Yang Mi, China’s top actress with 104.91 million followers on Weibo, China’s own Twitter, terminated her newly minted contract with Versace on Saturday evening.
“Our company and Ms. Yang found online that ‘some clothing designed by Versace are suspected of damaging China’s national sovereignty and territorial integrity.’ As a company of the People’s Republic of China and Ms. Yang as a citizen of the People’s Republic of China, we feel very angry!” said a statement issued by her studio on Weibo, which amassed more than 46,000 shares and 28,000 likes within two hours.
It started with an image of a Versace t-shirt that began to circulate on Weibo. The t-shirt was printed with Vercase’s store locations across the world. It listed Beijing and Shanghai as part of China but didn’t include Macau and Hong Kong. Instead, the brand mistakenly labeled them as separate entities. It soon infuriated China’s online community just as Dolce & Gabanna and Phillipp Plein did.
In response to the situation, the statement said: “Our company and Ms. Yang have issued a ‘notice of dissolution agreement’ to the Versace brand, and have terminated all the cooperation with the brand.”
Versace apologized on Weibo shortly after Yang’s announcement and said all the wrongly produced t-shirts have been removed from sale and destroyed worldwide. “Versace reiterates that we love China and resolutely respect the sovereignty of China’s territorial state,” the brand added.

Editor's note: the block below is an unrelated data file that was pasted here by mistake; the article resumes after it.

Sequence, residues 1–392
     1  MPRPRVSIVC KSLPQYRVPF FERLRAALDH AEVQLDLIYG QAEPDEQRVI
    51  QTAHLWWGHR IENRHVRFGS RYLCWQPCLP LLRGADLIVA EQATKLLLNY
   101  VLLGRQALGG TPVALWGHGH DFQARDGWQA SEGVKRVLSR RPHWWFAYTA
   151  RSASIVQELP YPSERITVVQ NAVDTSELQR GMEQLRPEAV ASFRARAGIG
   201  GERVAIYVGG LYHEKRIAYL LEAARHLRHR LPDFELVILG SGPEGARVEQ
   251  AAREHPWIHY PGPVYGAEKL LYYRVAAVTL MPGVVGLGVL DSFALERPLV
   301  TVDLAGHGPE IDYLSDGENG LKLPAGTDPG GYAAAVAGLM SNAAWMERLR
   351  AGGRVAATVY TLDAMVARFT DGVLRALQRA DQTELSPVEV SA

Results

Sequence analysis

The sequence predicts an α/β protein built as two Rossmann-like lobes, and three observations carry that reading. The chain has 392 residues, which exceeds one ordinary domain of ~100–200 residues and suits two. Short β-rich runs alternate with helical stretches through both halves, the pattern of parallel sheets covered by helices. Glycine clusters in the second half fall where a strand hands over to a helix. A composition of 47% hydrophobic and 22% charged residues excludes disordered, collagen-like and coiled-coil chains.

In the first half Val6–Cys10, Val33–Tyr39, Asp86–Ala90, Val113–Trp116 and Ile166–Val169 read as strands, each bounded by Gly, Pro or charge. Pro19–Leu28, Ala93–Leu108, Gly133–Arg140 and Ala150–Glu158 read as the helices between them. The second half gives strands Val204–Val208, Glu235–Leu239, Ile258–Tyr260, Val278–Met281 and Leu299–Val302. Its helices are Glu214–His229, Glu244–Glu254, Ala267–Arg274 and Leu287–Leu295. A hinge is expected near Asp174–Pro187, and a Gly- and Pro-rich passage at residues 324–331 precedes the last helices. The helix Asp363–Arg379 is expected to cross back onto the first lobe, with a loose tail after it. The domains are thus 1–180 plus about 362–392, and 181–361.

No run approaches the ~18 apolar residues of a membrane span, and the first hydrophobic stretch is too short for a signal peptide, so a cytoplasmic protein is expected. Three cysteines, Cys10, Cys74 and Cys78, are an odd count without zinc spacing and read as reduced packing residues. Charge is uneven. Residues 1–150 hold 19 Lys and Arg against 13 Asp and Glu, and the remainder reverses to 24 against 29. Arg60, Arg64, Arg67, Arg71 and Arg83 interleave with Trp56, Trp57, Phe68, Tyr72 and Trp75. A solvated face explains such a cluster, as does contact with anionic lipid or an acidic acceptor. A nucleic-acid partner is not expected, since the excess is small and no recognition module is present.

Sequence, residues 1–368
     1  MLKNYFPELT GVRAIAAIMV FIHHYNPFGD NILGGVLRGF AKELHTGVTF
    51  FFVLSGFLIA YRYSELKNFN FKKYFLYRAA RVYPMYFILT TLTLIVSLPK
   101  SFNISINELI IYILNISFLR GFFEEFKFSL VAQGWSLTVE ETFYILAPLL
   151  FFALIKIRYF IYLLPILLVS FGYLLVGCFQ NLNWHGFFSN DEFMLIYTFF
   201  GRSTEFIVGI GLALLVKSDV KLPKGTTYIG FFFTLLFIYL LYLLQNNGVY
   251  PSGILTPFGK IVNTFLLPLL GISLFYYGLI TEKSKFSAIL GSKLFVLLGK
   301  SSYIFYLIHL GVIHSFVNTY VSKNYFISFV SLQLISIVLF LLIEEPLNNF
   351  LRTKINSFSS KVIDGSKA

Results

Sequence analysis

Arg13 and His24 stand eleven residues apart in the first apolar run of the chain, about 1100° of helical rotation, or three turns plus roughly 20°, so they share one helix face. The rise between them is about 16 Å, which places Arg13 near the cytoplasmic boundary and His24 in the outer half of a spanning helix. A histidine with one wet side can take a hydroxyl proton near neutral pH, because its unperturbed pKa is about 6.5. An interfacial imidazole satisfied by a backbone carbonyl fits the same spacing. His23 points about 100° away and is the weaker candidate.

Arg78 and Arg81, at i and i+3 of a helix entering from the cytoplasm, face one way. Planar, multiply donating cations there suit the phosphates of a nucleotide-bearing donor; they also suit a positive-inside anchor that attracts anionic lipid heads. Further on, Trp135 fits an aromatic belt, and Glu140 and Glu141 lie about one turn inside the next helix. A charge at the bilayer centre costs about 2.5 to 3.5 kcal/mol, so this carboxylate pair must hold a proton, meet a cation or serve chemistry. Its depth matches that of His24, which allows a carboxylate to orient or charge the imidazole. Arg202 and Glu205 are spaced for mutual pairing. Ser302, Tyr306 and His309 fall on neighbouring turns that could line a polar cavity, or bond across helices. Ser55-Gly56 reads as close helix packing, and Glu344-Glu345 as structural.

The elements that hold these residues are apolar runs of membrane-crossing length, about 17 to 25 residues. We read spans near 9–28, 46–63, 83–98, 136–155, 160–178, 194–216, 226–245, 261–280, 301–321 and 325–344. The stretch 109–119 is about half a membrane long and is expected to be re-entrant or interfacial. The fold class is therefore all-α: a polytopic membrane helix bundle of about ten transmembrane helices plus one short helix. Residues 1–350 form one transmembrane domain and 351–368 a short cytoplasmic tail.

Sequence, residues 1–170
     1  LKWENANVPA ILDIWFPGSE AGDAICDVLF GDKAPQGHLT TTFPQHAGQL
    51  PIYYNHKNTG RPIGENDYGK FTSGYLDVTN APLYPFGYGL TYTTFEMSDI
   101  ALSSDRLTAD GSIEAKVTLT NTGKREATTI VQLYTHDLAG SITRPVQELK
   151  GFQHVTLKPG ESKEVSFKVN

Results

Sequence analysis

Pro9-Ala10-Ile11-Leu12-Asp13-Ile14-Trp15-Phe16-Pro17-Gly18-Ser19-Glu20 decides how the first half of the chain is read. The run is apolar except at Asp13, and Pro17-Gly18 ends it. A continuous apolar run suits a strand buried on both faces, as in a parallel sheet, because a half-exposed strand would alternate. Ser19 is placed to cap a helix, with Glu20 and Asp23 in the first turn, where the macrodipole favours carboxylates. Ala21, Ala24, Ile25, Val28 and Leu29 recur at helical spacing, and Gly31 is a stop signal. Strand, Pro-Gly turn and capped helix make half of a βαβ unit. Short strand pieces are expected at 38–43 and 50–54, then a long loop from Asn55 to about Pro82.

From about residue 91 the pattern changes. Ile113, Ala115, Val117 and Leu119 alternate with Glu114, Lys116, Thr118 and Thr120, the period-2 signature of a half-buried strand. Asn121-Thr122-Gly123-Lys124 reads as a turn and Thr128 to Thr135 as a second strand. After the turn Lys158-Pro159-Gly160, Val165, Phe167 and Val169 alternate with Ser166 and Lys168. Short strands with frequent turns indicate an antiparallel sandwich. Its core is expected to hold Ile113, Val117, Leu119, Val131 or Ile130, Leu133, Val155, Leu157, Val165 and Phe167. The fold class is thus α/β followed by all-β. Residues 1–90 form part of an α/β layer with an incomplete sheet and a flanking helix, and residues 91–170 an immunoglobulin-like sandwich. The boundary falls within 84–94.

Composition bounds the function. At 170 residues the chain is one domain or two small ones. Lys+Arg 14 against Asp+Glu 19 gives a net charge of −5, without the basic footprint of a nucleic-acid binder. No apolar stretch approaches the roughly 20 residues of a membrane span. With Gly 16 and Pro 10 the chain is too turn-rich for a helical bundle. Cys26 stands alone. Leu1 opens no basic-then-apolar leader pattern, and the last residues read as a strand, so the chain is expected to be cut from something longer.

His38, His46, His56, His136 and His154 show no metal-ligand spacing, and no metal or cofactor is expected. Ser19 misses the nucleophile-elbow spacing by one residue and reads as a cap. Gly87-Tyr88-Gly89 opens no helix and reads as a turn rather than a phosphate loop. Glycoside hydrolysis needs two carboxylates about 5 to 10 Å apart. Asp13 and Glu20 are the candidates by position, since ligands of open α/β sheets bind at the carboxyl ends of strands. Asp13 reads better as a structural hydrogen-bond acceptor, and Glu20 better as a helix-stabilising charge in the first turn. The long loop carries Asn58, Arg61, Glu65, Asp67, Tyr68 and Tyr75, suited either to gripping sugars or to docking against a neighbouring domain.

The t-shirt, priced at 250 pounds, however, is still available in market places, such as Matchesfashion.com. The product description said the t-shirt “is printed with an ornate Medusa head cameo crest flanked by two cross motifs,” and “lists the label’s global store locations.”
In other situations, such a geographical mistake would be overlooked, but this incident came at a very sensitive time as the ongoing Hong Kong protests and escalating Sino-America trade war have put the every move of China’s public figures such as Yang’s under the spotlight. The authorities have also recently banned Chinese filmmakers and actors from attending Taipei’s Golden Horse Awards, which is considered the equivalent of China’s Oscar, this year, as a Taiwanese winner gave a pro-independence speech at last year’s ceremony.
Yang is expected to be associated with pro-China ideology and she can not afford to be associated with a brand that is remotely politically incorrect towards China. She has been actively reposting patriotic posts from China’s CCTV, People’s Daily and Chinese Communist Youth League in recent months.
“At any time, China’s territorial integrity and sovereignty are sacred and inviolable, and even more inseparable!” the statement added.
She was appointed the brand’s first China ambassador on June 24. Prior to that, Yang was the face of Michael Kors in China.
Versace apologized on Instagram to its 19 million followers ten hours later. “The Company apologizes for the design of its product and a recall of the t-shirt has been implemented in July. The brand accepts accountability and is exploring actions to improve how we operate day-to-day to become more conscientious and aware,” it said.
Donatella Versace added that “I am deeply sorry for the unfortunate recent error that was made by our Company and that is being currently discussed on various social media channels. Never have I wanted to disrespect China’s National Sovereignty and this is why I wanted to personally apologize for such inaccuracy and for any distress that it might have caused.”